As we continue to read through Acts 8, we can see how God acts sovereignly in the life of the Ethiopian Eunuch and how God ordained for Philip to speak to the eunuch, how Philip explained the scriptures he was reading, and the receptive response from the eunuch.
As we look at the example of Simon the Magician in Acts 8:9-24, we can learn from Simon and the response from Peter the error of Simon’s way and remember that our focus is to be on the grace of God, and that what we get from God cannot be earned or purchased.
Proceeding Stephen’s speech made to the Jews (Acts 7:1-53), Stephen was cast out of the city and stoned by those who opposed him. Here in Acts 7:54-60, we learn more about the Jews response and Stephen’s faithfulness as he endured to the end by the sustaining grace of our Lord and Savior, Jesus Christ, and what we can learn from this piece of God’s Word.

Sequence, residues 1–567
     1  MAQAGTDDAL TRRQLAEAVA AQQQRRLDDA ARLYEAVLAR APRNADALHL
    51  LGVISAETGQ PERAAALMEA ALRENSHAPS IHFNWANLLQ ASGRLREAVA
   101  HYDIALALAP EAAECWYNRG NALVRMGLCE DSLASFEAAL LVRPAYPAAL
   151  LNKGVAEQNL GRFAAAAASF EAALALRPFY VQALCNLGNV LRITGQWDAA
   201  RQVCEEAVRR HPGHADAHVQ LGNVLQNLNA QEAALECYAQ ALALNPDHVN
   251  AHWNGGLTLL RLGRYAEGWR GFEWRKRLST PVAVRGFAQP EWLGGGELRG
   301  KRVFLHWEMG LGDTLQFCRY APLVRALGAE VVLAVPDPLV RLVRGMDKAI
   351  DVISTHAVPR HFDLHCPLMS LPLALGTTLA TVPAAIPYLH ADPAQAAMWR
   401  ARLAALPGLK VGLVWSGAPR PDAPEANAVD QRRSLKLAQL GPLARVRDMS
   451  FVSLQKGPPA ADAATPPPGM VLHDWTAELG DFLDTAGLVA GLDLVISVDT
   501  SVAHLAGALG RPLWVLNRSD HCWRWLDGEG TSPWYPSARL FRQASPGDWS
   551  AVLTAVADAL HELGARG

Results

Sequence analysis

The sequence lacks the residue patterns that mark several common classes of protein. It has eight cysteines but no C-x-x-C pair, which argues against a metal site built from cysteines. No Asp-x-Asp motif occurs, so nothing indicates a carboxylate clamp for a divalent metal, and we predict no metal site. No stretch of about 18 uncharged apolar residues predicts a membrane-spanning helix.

Stephen was accused by the Jews of blaspheme (Acts 6). Here he gives his defense, addressing the charges and proclaiming Christ as the redeemer.
The first part of a five-part series on the Doctrines of Grace
Paul tells us in Colossians 3:5 that we are to put to death what is earthly in us. In this sermon we consider why we must do so as well as examining what killing is in not.
What does it mean to be born of God? When does it happen? And what are the results? In this passage John explains the the new birth we have in Christ.
The prospect of judgment brings fear, but John wants us to know that if we abide in God’s love we can approach the day of judgment with confidence.
In this passage, John explains the work of the Holy Spirit in producing love in believers and giving them assurance of their salvation.
Love means so many different things that it can be difficult to know what John means when he tells us to love one another. What exactly does he mean?